“The dispute in these instances is always with the contractor, not the homeowner,” Sweeney said in an email. “Travis Roofing Supply plans to take legal action against any contractor who fails to pay for the supplies we provide, and we always observe and follow the adherence of state and federal laws when doing so.”
A Forsyth County Sheriff’s Office incident report obtained by the FCN shows that in January 2018, Bruss and Rock Solid Roofing were accused of deposit account fraud by a local building supplier.
The incident report states that on Jan. 8, 2018, a spokesperson for Division 7 Supply in Cumming contacted the sheriff’s office to report that on Dec. 4, 2017, Division 7 Supply received a check from Bruss in the amount of $8,000 for roofing supplies.
“On December 6, 2017, Division 7 Supply was notified by their bank United Community, that Bruss’s check was returned [non-sufficient funds],” the report states. “[The spokesperson] stated that they have contacted Bruss to try and resolve the NSF check, but Bruss has made no effort to correct the deficiency.”
Due to pending litigation, a spokesperson for Division 7 Supply said that they could not comment on the previous accusation of fraud against Rock Solid Roofing.
After the January 2018 incident report was filed, Rock Solid Roofing and Bruss Technologies LLC, a company registered with the Georgia Secretary of State to Rock Solid Roofing, was also sued in Forsyth County State Court by Roofing & Insulation Supply, an Atlanta-based building and supply company, who claimed that Rock Solid Roofing had incurred more than $18,000 in unpaid debts on a business credit “open account” with them.
The May 2, 2018 lawsuit by Roofing & Insulation Supply attorney James W. Hays states that Rock Solid Roofing’s owners, Terrence and William Bruss, entered into an agreement with their client for business credit on June 22, 2017, and purchased $18,025.16 in materials from the company in October 2017.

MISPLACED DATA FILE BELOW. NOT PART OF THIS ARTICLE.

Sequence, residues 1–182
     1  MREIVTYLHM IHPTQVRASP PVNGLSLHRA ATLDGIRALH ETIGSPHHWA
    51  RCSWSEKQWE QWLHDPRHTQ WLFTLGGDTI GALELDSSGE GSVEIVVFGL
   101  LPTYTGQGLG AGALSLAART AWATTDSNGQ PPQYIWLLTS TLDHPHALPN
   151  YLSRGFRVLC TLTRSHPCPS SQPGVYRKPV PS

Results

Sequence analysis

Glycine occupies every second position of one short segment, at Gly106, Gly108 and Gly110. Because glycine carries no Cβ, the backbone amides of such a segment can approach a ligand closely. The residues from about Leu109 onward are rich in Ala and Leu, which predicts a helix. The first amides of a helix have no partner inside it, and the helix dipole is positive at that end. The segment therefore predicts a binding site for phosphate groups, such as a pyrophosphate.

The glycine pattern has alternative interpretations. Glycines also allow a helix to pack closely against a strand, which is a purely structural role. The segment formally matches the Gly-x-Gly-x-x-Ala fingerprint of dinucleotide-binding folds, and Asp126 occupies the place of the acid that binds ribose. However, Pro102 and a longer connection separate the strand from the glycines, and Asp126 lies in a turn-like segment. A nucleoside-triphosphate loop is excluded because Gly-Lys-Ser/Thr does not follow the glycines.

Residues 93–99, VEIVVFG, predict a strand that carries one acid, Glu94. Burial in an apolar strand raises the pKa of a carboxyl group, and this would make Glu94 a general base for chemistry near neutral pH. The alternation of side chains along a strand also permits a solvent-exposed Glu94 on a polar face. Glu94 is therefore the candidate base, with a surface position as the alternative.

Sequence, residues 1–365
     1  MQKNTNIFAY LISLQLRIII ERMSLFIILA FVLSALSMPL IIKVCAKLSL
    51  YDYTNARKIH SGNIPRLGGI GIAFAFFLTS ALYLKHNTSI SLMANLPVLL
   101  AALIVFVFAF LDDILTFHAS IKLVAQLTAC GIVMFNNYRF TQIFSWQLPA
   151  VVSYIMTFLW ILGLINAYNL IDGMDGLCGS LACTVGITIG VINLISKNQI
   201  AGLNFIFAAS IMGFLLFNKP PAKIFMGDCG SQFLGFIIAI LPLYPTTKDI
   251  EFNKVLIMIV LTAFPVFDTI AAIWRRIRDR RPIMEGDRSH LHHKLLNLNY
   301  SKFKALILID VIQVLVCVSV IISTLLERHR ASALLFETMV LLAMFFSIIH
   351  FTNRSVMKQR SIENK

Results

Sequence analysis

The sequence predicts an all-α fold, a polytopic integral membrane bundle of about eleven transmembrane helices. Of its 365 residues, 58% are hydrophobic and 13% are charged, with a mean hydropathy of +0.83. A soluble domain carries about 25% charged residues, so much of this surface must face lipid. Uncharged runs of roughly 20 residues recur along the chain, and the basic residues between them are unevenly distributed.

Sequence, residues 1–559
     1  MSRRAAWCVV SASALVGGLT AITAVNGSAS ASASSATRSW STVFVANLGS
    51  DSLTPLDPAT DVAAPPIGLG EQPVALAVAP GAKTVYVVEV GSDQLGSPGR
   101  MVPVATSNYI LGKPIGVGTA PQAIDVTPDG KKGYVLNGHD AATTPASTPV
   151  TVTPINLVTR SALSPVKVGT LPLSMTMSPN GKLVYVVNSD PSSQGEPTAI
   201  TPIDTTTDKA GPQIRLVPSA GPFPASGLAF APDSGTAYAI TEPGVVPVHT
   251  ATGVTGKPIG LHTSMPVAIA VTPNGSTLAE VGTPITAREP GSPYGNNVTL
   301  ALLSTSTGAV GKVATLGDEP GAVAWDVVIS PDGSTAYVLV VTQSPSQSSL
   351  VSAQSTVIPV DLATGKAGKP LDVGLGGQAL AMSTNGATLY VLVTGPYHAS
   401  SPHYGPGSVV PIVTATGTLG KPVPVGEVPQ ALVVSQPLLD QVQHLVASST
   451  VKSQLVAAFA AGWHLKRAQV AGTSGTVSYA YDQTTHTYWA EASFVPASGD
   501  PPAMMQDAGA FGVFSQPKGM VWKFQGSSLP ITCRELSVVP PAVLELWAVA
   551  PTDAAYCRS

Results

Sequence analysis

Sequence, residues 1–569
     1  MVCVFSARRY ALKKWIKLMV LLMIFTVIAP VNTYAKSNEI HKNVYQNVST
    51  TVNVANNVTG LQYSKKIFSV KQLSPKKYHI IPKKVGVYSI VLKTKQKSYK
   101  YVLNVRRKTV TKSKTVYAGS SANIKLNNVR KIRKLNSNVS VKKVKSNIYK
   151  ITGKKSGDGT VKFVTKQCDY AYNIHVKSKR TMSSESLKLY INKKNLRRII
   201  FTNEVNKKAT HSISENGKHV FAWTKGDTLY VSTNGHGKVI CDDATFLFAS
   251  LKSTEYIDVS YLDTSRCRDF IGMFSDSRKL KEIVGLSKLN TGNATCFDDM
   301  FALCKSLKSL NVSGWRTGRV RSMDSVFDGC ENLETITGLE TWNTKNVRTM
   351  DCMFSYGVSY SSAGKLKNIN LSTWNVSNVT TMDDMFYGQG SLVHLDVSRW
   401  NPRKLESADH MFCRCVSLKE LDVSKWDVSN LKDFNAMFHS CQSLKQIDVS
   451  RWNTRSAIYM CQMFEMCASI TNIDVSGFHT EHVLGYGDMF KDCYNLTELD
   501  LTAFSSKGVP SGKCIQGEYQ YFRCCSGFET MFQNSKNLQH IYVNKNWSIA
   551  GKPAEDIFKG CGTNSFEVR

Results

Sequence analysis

According to the lawsuit, in late September and early October of 2017, Rock Solid Roofing issued two payments to Roofing & Insulation Supply towards the debt, but in both cases the payments were either “dishonored” or returned by the bank for insufficient funds.
In an interview with the Forsyth County News, Hays said that when this suit was finally taken to a Forsyth County Court in 2018, neither Rock Solid Roofing nor Bruss Technologies responded to the complaint, leaving Judge Leslie Abernathy-Maddox to render a default judgement of more than $22,000 to Roofing & Insulation Supply.
He said that to this day his clients have not received any payment on this judgement.
Via text message, Bruss referred the FCN’s request for comment on these accusations to his attorney, who did not respond as of press time.
Just like Roofing & Insulation Supply, Ruder and his neighbors are now in limbo, left waiting to see what is going to happen with their liens and the agreements they made with Rock Solid Roofing.
Ruder said that he has plans to appealing his lien and is looking into retaining an attorney to find out what he'll need to do next.
"This is all new to me, and I just don't want this to happen to anybody else," he said.